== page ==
What I’ve Learned As A Research Intern

What I’ve Learned As A Research Intern

In my month and change of being a research intern for NowSourcing, I have slowly climbed the learning curve from overwhelmed Googler to confident fact-finder. Prior to this job, the only research experience I’d had was combing databases, textbooks, and novels-hundreds upon hundreds of pages- for that single or handful of perfect quotes that would tie my thesis together. Just last fall, I found myself spending so much time researching and reading and annotating, that I had only two days left to write my final paper on outlaws, masculinity, and monstrosity in Robin Hood poetry and The Man Who Shot Liberty Valance-the story, not the John Wayne movie. I could hear him saying, “Take it easy, Pilgrim,” the whole time.

My mistake then and throughout my college career was that I forgot or never heard-I’m not sure which at this point- the phrase “Eat the elephant one bite at a time.” I always approached assignments as huge burdens, one massive task that was gonna kill me by the time I finished it. Every so often, a light would go off and I had enough sense to stop, slow down, and break my class-load, essay, or project down into little, manageable bits. Sadly, the emphasis here is on “every so often.” I had lived by the lie that the only way to get things done, as a student and especially as a writer and a researcher, was to let the stress deliver me. The only way I thought a person could achieve anything was to be fretful, rushed, overwhelmed, and under a deadline. This followed me to my first week or so as a research intern.

I got my first assignment, plopped down in my desk, and buckled up. Falling into the same old cycles, I found myself googling like a madman and wondering what I’d gotten myself into. I had twenty or thirty windows open at a time, afraid to close anything and risk losing any viable facts, and putting the strain not only on myself but on my five year old Dell laptop. I did not know the tricks that now save me hours and hours of extra digging. I quickly learned that my methods were not going to work and I was not going to survive if I didn’t change my ways.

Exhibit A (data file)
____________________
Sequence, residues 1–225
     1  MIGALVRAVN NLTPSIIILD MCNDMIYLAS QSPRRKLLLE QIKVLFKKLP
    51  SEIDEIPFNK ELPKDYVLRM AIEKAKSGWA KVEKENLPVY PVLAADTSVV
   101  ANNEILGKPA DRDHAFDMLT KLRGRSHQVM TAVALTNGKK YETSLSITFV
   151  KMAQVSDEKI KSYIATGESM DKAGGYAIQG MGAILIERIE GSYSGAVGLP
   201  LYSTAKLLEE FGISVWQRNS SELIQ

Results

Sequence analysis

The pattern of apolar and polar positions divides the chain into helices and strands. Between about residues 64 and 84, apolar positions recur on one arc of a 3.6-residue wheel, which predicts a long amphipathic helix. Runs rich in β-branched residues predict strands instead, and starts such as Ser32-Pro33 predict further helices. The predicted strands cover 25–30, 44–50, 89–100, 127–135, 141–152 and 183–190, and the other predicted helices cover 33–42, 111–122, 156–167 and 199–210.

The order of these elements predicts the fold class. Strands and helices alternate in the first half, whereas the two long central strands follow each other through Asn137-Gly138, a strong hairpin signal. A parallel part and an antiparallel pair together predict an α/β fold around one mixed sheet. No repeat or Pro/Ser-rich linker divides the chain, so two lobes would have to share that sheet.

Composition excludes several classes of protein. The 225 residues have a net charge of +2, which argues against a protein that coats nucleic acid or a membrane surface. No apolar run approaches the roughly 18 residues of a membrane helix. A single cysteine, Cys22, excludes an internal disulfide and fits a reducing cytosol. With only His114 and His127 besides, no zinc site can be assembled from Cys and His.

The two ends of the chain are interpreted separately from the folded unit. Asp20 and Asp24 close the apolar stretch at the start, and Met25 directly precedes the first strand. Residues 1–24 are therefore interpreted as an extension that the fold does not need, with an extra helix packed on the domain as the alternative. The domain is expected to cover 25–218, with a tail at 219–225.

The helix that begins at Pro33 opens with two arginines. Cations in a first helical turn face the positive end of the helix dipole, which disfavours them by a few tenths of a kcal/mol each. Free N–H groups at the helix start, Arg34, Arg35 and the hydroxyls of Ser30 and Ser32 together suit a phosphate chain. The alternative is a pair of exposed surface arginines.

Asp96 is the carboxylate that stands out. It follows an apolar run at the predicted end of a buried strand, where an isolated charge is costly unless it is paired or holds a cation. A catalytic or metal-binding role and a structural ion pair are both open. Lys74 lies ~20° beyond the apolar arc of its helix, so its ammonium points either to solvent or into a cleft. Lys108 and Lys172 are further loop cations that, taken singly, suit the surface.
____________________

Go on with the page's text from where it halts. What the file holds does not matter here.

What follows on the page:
Over the past month, I’ve adapted and learned the ropes of real research skills and I’ve had an amazing and supportive team of veterans guide me along the way. As with the drums I’ve played since I was 14, all it takes is practice to hone talent and shed bad habits. I’m not a genius and I don’t claim to have mastered this, but I can say that the art and science of research is one I’m growing to understand more the more I do it.

I start a project knowing that no matter what, I will get it done. Sometimes, you’re researching a topic that you’re completely novice about and you have to decide if you’re going to let that scare you. If you lighten up, you might find yourself, I don’t know, talking about cryptocurrency to all of your friends who two weeks ago you would have considered experts and now might be asking you for market or security advice. Sometimes, you find the perfect statistic and want oh so bad for it to be legitimate and not from some sketchy blog or research group that will release their groundbreaking study for an easy payment of $9.99. Sometimes, you’ll dig a hole and get lost trying to find some report that will only serve a tangential point that will probably end up getting cut in the grand scheme of things anyway.

While I read as much as I used to when writing those last minute literature papers, I am now a far more intentional reader and writer, and I’ve learned how to hit these hurdles at full speed and keep moving. I’ve learned to trade every last bit of maybe-useful filler for the gleaned, lean details that will bring home the point of my infographic. I’ve learned to not worry too much about organization and making it look pretty until I have all the pieces of the puzzle. Then, I just make those pieces fit together and flow. I search the world over but I’m not afraid to leave something and come back later. I’ve learned the hard way to save every source as I go, the ones that seem crucial and ones I may not use, and to know the difference, or at least be ready to trim something I really want to be important. I’ve learned that if you let yourself get bogged down gathering the facts and writing them, the reader is going to be bogged down reading it. The greatest thing I’ve learned is to not be afraid to learn something new. It seems obvious, but as a researcher, this is the number one rule and something I will take with me the rest of my life, or at least until I know everything there is to know. Thankfully, I can rest assured that’ll never happen.

Sean Mortberg is a Research Specialist at NowSourcing.